The fifth question we have to ask is: Does this proposal have clear measurable objectives, or are its goals vaguely stated and therefore unmeasurable?
I desperately hope that the government will bring forward a clear set of objectives when it tables its new legislation this fall. Putting people back to work or restoring their dignity sounds very nice, but unless we can clearly define our goals in measurable terms and then monitor our progress in striving to achieve them we may as well not even begin the process of reform.
Clear goals will force us to determine beforehand whether or not they are reasonable goals, whether or not they can even be attained. Clear goals will give guidance to the means by which we will achieve those goals. Clear goals will force us to set budgets that will be sufficient to sustain these new programs in boom and in bust periods. Without these goals we will be blindly spending wheelbarrows full of money in the vain hope that somehow this will improve things.
The sixth question we have to ask is: Has it been explained to the public that if this decision leads to more government spending then spending will have to be cut in other possibly more essential areas or that taxes will have to be raised?
The government has a responsibility to communicate what is going on in government. As servants of the people we are duty bound to ask them where their priorities lie, which social programs are the most important to them, second most important, and so on. As the debt passes a half trillion dollars it must be apparent by now that our resources must be carefully rationed. I hope the government will fulfil its responsibility and address this issue.
The seventh question I ask is: Is this decision being made with complete awareness of the current economic, political, cultural, historical and social situation and environment both within the country and outside the country, or does it ignore current trends and important facts?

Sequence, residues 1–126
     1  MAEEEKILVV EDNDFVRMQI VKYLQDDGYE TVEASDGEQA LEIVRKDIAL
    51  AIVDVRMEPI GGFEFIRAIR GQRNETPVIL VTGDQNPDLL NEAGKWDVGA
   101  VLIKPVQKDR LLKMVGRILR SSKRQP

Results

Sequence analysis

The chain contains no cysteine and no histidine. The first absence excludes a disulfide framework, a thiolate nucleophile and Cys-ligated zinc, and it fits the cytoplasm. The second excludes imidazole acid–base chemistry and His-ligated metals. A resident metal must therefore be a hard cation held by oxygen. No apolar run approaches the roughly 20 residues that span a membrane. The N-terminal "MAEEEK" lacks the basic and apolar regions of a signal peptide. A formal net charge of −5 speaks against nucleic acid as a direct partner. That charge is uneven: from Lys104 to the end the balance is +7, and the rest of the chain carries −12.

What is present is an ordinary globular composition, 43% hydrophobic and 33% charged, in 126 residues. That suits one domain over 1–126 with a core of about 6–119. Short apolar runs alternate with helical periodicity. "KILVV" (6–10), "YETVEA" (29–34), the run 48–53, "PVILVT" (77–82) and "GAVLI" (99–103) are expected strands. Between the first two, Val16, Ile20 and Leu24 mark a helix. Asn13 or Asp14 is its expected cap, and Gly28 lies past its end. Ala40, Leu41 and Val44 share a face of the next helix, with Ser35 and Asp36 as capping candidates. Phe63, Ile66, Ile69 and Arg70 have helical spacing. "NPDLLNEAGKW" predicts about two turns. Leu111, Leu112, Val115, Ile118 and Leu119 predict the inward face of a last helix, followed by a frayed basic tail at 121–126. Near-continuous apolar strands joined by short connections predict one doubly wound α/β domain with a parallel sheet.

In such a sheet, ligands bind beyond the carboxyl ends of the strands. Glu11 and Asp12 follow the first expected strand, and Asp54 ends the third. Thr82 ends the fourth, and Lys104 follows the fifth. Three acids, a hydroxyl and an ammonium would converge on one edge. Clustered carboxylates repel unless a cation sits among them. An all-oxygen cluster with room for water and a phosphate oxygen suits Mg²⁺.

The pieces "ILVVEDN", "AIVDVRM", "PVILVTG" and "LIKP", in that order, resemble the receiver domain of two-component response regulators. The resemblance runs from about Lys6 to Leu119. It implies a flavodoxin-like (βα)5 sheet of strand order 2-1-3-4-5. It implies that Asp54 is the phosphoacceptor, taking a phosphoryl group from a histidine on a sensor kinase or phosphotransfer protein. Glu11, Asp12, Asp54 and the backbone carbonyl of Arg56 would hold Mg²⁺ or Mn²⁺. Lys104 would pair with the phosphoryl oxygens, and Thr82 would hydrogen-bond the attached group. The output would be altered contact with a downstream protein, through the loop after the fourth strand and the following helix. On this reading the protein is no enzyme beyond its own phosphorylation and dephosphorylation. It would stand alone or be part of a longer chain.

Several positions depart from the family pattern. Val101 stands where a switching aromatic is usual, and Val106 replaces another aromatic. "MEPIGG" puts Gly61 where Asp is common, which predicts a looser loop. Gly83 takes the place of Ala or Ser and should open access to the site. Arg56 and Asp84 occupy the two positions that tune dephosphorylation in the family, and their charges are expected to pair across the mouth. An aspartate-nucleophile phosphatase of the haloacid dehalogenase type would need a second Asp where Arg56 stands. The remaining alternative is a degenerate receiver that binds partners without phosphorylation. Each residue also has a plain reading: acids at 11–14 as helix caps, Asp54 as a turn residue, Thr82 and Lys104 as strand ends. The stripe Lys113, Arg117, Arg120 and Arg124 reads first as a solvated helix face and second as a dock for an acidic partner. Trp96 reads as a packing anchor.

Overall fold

While I touched on the economic situation, we must also be aware of other factors that determine our environment. For instance in the fast-paced world of free trade we have to decide if it is even possible for government to predict successfully where the jobs of the future will be. Can we determine if technology will allow us to do more with less in the field of health care? These are questions that can only be answered by carefully investigating the delicate interplay of the many forces that shape our country.
The government is embarking on an ambitious plan. Canadians from coast to coast recognize that our social programs and health care are in desperate need of deep, profound change. Not so obvious, however, is the subtle link between strong social programs, a strong economy and the right of Canadians, not politicians, not special interest groups, to guide this modern day reformation movement.
Well intentioned politicians find it easy to spend other people's money. Their good intentions are infinite but sadly the money is not. Well intentioned special interest groups want to help but have a powerful economic incentive to maintain the status quo. Only real taxpayers, people who grind it out every day to make a dollar, can make those tough decisions about how their money should be spent. We should trust them to tell us what is wrong with the social programs, what is wrong with health care, which programs are most important to them, and how they should be distributed and paid for.
I will conclude with these two lines that I believe sum up what I have been attempting to say this morning. If we fake it, if we only hear some people, if we only push our agenda, we cannot succeed; but if we listen hard, if we communicate, if we take our guidance from real taxpaying Canadians, we absolutely cannot fail.
Topic: Government Orders
Subtopic: Social Security System